Missing Women Commission official told to 'help' on arms length report

 Apr 4, 2012 – 10:22 PM ET

VANCOUVER — More concerns about the troubled Missing Women Commission of Inquiry are being raised in the wake of a National Post investigation around allegations of harassment inside an inquiry workplace that former employees claim is rife with conflict.

The new concerns involve the commission’s executive director of operations and planning, John Boddie, a former Vancouver Police Department sergeant who, it has emerged, works directly with key inquiry witnesses on behalf of the commission and its own team of lawyers. The inquiry was called to examine how VPD and RCMP conducted investigations into cases of missing women and serial killer Robert Pickton.

According to inquiry sources, Mr. Boddie’s role far exceeds what is normally expected of an inquiry executive director.

“The executive director [of a public inquiry] is normally an office manager and a coordinator between the commission and the provincial government,” one former staff member told the National Post, on condition of anonymity. “It’s purely an administrative role. In this inquiry, it’s completely different. His focus has not been on those administrative tasks. He’s been helping counsel. He sometimes sits at the counsel table [during hearings]. I’ve never seen that before.”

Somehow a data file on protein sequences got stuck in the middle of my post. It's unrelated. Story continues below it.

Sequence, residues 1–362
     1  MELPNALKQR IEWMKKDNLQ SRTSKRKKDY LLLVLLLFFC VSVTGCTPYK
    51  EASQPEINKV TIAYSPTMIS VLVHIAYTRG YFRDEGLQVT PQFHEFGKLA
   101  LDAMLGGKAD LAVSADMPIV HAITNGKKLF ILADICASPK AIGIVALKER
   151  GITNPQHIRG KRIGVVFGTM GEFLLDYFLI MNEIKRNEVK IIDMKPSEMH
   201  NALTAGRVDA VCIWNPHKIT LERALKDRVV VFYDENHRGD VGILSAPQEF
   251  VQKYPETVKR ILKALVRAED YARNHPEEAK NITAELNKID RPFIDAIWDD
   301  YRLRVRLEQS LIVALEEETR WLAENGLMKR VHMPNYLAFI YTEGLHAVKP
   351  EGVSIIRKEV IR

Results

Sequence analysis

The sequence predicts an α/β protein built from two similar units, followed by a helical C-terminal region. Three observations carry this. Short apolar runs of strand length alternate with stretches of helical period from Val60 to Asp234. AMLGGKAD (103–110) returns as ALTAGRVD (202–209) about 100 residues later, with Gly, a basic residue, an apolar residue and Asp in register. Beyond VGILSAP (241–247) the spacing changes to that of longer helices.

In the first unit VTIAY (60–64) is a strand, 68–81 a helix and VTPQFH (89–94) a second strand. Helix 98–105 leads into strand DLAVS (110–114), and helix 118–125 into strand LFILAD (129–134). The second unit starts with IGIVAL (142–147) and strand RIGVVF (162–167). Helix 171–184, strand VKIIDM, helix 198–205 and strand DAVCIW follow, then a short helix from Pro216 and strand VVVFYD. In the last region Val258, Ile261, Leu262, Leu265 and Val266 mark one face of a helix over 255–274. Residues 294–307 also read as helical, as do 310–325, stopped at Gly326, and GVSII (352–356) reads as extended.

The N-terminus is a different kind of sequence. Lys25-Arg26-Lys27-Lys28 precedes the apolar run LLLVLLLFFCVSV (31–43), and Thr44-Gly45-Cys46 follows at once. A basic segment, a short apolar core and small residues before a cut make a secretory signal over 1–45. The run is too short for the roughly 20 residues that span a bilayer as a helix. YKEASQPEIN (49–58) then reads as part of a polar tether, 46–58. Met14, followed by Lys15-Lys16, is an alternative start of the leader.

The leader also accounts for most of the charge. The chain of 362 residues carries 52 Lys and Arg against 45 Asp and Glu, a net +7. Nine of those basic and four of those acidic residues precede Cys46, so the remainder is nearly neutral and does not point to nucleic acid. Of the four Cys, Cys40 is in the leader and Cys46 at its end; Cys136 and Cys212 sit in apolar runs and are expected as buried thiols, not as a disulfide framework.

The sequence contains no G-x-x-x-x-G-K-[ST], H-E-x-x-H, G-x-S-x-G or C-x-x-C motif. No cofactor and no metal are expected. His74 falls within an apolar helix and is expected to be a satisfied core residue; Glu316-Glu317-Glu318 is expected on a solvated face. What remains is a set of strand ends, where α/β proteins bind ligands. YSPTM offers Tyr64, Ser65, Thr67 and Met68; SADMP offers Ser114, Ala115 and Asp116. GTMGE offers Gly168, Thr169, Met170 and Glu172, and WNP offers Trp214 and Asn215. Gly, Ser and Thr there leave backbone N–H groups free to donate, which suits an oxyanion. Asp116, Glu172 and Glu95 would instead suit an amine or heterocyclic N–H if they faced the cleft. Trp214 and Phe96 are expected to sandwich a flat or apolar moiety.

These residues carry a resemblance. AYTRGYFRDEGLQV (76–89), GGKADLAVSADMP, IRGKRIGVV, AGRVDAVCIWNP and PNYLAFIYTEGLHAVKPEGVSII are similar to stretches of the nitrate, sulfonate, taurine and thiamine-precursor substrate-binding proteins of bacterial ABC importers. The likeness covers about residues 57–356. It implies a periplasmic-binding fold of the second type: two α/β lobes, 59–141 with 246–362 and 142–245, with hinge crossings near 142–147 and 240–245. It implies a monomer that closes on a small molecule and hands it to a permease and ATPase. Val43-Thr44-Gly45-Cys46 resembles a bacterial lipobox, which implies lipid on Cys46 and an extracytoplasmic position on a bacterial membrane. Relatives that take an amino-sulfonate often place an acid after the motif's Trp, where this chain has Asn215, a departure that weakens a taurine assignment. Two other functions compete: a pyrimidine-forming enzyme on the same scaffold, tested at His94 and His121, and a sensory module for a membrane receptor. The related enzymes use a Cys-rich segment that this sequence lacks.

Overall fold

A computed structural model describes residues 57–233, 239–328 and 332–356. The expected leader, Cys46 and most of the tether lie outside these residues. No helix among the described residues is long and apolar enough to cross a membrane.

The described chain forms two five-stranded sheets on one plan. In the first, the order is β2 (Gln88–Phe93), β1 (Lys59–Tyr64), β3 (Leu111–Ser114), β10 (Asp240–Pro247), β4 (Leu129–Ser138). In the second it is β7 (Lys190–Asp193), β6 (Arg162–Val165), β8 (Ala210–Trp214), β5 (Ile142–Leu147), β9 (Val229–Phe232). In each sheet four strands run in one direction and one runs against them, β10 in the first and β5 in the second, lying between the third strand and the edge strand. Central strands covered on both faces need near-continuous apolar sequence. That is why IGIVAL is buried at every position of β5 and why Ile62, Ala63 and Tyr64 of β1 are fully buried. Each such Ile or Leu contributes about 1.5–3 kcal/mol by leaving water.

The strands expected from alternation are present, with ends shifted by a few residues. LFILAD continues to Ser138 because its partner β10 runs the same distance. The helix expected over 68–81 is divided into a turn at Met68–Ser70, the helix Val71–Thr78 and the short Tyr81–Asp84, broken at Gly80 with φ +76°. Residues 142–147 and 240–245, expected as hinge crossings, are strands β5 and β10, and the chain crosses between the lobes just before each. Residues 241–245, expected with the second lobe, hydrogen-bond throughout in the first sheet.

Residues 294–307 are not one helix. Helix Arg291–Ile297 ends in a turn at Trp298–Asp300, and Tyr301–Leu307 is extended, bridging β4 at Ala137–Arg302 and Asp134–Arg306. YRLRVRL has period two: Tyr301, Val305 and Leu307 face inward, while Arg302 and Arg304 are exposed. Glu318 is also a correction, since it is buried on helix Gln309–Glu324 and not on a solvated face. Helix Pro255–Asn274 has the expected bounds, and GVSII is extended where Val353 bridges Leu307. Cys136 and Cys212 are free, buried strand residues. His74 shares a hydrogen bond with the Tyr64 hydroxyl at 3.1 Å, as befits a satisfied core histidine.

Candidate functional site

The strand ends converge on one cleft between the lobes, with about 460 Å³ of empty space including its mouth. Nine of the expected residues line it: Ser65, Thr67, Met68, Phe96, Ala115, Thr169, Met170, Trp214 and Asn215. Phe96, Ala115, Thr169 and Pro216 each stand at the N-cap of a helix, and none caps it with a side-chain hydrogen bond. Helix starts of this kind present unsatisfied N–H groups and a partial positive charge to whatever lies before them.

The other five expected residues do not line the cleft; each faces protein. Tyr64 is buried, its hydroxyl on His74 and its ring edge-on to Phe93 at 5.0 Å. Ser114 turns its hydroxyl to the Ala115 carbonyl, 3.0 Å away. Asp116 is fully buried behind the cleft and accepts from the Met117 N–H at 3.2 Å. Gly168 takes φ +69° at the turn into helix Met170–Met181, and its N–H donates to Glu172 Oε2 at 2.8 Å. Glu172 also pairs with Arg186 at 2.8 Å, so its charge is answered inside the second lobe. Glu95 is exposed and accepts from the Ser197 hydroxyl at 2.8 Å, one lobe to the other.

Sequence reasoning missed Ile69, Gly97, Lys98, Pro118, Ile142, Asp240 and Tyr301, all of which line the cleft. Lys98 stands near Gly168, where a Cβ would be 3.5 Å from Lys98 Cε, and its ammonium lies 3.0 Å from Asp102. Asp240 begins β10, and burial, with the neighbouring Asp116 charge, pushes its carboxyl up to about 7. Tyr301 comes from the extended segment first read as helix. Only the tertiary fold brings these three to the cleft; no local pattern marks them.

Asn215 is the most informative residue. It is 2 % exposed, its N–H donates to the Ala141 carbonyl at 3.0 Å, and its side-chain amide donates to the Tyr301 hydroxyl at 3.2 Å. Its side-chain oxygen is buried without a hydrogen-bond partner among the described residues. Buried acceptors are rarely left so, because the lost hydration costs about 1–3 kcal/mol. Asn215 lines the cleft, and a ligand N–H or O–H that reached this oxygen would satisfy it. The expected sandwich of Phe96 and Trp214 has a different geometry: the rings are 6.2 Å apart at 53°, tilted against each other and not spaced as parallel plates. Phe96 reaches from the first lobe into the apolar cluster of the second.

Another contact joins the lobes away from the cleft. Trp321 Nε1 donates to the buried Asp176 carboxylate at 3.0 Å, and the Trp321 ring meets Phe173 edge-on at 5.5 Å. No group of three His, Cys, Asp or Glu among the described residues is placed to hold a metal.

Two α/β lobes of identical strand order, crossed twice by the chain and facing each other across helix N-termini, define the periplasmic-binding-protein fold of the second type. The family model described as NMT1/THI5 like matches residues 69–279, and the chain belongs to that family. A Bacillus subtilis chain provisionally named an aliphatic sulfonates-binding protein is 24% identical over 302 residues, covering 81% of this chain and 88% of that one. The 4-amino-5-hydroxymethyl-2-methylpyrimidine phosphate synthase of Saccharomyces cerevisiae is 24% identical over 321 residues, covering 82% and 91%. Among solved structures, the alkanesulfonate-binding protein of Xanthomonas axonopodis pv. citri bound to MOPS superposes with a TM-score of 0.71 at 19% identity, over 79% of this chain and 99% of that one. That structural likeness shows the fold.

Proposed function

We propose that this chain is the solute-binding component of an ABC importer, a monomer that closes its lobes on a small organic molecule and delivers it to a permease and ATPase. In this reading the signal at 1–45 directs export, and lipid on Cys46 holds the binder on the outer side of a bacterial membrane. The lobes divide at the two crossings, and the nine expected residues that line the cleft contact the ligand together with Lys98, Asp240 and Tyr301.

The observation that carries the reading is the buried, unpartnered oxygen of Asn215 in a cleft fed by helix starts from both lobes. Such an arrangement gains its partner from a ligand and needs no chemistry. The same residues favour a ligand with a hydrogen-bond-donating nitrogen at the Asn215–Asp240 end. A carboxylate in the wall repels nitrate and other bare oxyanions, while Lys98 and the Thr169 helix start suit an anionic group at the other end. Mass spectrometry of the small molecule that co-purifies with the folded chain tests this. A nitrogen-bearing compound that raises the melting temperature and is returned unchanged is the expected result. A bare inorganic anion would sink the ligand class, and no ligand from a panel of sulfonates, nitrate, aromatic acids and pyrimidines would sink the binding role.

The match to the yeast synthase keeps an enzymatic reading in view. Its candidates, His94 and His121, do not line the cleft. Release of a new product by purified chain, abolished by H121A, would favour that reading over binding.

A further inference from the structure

Senior commission counsel Art Vertlieb acknowledged that Mr. Boddie sometimes interviews inquiry witnesses, prior to their sworn testimonies. “He has interviewed police,” Mr. Vertlieb said, adding that he did “not remember” who the officers were. “I don’t keep track of all that,” he said in an interview.

‘I said to him, ‘You go back and if you can help get this report done as soon as possible, that’s what I want’

The National Post has learned that over two consecutive weekends in November, former VPD officer Boddie flew to Ontario to assist Peel Regional Police deputy chief Jennifer Evans complete an “independent” expert witness report about the botched VPD and RCMP investigations. Her report was deemed crucial to the inquiry and to its commissioner, Wally Oppal. It was expected to give the commission an objective, arm’s-length view of the police investigations.

Deputy Chief Evans was to deliver her report before public hearings began in October. Despite having at least two Peel police officers to assist her in the task, she was unable to complete her report on time. She has explained to the inquiry that she had difficulties obtaining records and documents from the two police agencies she was examining.

Mr. Vertlieb says he instructed Mr. Boddie to meet with Deputy Chief Evans in Ontario. “I said to him, ‘You go back and if you can help get this report done as soon as possible, that’s what I want,” he told the National Post. “’Everyone’s clamouring for it, including me. I want you to go back and if you can help her in any way, do so.’”